Manda: Right.

Andre: Okay. But we do that as well by events that we call bioblitzes. And we try as much as possible, again, to involve young people as part of that. Because our specialists, they are mostly retired, so it’s really important to get knowledge transferred as well.

Manda: And are the young people interested? Are you getting kind of seven, eight, nine year olds who get really enthused by counting the leg hairs on the bumblebees or honey bees or whatever?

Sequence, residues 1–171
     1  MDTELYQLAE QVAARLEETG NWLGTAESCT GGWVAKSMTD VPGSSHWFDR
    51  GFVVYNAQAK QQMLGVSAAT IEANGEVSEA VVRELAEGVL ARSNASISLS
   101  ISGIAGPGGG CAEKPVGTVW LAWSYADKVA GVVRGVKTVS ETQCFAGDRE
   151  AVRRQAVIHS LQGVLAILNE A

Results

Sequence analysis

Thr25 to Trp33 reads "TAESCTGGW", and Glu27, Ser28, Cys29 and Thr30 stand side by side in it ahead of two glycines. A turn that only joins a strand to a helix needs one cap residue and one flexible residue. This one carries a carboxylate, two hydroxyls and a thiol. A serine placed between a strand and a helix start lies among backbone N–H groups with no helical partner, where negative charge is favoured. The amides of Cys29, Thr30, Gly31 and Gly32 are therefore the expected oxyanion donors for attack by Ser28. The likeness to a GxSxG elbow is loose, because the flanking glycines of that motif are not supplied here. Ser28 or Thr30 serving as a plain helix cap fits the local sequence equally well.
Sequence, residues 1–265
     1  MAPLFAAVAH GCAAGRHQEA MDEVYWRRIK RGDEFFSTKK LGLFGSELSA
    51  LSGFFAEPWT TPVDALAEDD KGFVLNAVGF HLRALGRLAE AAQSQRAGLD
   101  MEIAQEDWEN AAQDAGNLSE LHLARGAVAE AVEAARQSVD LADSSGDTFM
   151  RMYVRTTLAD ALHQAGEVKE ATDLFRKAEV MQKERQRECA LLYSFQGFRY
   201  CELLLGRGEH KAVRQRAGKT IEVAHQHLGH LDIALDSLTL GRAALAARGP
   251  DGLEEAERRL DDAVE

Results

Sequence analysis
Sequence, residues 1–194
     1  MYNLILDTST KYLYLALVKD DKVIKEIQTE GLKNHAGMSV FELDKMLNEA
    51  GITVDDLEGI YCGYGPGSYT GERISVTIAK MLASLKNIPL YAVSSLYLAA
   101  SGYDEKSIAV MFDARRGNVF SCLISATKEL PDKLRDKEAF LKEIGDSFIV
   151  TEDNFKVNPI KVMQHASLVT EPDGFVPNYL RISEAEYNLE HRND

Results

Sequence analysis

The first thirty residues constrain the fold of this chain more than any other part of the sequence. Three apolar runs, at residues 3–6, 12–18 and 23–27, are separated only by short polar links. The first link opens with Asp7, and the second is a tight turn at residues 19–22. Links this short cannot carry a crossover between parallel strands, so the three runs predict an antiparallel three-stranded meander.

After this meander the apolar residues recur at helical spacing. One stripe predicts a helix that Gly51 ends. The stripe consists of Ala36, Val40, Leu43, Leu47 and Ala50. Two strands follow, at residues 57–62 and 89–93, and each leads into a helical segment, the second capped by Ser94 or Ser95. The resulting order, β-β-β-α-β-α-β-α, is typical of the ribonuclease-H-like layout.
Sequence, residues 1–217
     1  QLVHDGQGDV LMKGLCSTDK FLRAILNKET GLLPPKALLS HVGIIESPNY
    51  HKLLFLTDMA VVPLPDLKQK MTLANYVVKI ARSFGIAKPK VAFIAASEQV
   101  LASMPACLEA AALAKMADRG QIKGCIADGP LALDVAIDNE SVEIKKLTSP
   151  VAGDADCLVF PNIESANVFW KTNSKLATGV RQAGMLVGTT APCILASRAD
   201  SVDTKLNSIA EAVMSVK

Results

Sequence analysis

Andre: Absolutely. More and more. You know, it’s a journey. I don’t teach the kids directly anymore, unfortunately. I would love to do that. But my colleague that does, she does that really well. So we bring netting, so we’re consulting the grasslands and then we put things under a magnifying glass. And it’s always an experience, you know, by sitting by a meadow and at first you don’t see much, but give it 2 or 3 minutes. And once their eyes are trained, Oh my God, how much one can see, easily. Everything is moving. So that’s one of the experiences I think can really remind people of who they are. So I love when people come through the farm gates and you can immediately sense silence at first and then, Wow, this is amazing. So I can see, okay, the farm is doing its job, you know, really is starting to work on the people. So especially with children, the more we can offer those experiences of stopping all the crazy energy and allowing them to watch and to breathe into that environment, you can see people starting to relax and having that sense of belonging that I think is really relevant.